The Duke and Duchess of Cambridge were in Bedfordshire today, where they paid a visit to the Youthscape building at Bute Mills in Luton in order to raise awareness about mental health.
Youthscape was formed in 1993, and specialises in the social and emotional development of adolescents and young adults. The charity has pioneered a number of projects, including SelfharmUK, an initiative aimed at helping people recover from self-harm. The newly revamped Youthscape centre reopened in April, and cost £3.2 million to renovate. It has been designed to be the national hub of the organisation.
During their visit, the Duke and Duchess stopped to talk to a number of young people who have been helped by Youthscape. While chatting to a group of girls, Kate revealed that she was a fan of the book Girl On The Train by Paula Hawkins, and that she and her siblings loved the card game Uno, which they used to play regularly.
The royal couple also spoke to 28 year-old Ellis Jones, who told them about how she began self-harming when her mother was diagnosed with an autoimmune disease, and how Youthscape had helped her cope with her mother’s death just a short while later.
Prince William, who too lost his mother as a teenager, told Ellis: “What happened should never have happened to you and you should never have gone through it. The fact you have gone through it and got where you are now, you should be really, really proud.” Kate agreed with him, and told the young woman that she was “so courageous” and “strong”.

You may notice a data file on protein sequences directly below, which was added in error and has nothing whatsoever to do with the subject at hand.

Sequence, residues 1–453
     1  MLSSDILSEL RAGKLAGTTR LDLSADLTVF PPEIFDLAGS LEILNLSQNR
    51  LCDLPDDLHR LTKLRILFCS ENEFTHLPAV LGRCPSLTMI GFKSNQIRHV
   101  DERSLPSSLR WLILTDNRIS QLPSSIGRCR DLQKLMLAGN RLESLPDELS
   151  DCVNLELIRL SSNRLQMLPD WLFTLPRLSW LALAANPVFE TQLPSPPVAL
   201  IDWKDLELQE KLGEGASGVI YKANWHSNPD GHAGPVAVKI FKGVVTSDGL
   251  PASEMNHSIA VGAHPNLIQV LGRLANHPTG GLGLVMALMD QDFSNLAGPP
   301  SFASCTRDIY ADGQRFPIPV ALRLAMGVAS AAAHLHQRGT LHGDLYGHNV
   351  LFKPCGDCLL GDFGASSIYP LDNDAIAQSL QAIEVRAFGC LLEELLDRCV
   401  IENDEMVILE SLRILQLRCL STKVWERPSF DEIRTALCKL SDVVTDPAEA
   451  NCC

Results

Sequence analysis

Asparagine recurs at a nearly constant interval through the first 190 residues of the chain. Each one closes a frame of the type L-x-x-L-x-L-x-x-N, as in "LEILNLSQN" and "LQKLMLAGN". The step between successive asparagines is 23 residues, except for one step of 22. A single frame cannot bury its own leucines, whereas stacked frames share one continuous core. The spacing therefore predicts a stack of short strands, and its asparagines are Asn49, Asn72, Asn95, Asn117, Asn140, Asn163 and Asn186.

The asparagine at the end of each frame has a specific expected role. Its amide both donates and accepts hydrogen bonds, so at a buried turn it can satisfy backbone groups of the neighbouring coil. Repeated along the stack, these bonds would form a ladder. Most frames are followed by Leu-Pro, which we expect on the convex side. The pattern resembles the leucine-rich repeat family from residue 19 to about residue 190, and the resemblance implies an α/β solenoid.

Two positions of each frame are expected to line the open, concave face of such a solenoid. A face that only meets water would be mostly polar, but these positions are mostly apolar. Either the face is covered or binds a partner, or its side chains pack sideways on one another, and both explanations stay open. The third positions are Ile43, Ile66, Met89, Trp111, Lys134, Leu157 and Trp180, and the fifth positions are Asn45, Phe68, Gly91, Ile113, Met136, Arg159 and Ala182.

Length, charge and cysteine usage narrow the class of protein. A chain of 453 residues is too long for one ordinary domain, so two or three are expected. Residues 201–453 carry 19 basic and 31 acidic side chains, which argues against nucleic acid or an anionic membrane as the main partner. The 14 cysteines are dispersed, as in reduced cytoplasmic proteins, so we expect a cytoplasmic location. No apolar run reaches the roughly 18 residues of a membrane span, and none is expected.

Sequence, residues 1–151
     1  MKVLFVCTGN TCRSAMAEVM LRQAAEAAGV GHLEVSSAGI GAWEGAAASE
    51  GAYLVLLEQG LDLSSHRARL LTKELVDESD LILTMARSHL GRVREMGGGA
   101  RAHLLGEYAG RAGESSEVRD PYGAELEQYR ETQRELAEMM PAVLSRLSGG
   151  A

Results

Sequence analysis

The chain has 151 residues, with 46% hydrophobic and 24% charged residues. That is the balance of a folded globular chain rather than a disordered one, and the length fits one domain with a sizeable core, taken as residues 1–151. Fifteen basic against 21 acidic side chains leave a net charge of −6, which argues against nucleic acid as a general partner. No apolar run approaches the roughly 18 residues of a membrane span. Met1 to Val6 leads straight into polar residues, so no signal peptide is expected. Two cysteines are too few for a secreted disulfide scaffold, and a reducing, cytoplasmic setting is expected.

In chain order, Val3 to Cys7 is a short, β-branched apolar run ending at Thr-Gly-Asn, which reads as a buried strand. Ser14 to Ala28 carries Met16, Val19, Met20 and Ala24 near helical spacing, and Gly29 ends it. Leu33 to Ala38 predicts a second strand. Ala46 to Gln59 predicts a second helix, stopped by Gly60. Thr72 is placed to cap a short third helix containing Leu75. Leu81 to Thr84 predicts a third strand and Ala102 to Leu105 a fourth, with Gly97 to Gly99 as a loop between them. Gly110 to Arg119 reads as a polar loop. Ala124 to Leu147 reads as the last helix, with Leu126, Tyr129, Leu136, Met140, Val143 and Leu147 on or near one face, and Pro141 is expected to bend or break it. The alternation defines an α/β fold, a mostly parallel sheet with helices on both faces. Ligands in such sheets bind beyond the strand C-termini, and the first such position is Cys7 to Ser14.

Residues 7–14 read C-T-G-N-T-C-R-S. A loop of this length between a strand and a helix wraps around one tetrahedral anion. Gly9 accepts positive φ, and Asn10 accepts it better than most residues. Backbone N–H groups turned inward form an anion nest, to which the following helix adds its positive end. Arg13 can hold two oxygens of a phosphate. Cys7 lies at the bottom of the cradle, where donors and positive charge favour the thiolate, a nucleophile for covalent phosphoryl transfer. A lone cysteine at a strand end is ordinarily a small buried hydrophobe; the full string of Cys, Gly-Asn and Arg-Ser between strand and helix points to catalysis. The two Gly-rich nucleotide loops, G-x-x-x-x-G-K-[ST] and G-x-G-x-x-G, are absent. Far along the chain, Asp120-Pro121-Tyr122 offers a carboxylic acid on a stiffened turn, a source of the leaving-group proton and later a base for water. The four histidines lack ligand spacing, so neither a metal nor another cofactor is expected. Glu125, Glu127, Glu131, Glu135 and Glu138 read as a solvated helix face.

Later, Ellis spoke about her meeting with the Duke, saying: “I feel so thankful for what he said, especially because he lost his mum at a similar age. It meant a lot to me. He said I was really brave and strong and that I should be proud of myself. He was really nice and so was Kate.”
Prince William also joined some boys in a game of FIFA on a computer. A devoted Aston Villa fan, the Prince played for his team against Luton Town. Although he scored a goal during the match, William was later told by one of the boys that it was offside, much to his disappointment.
The visit to the Youthscape centre is just one of many engagements that the Duke and Duchess of Cambridge have carried out this year as part of their effort to promote mental health awareness. The royal couple and Prince Harry launched the Heads Together campaign in May, in order to end the stigma associated with mental health, and earlier this year, the Duchess of Cambridge lent her support to a series of podcasts by the Anna Freud Centre.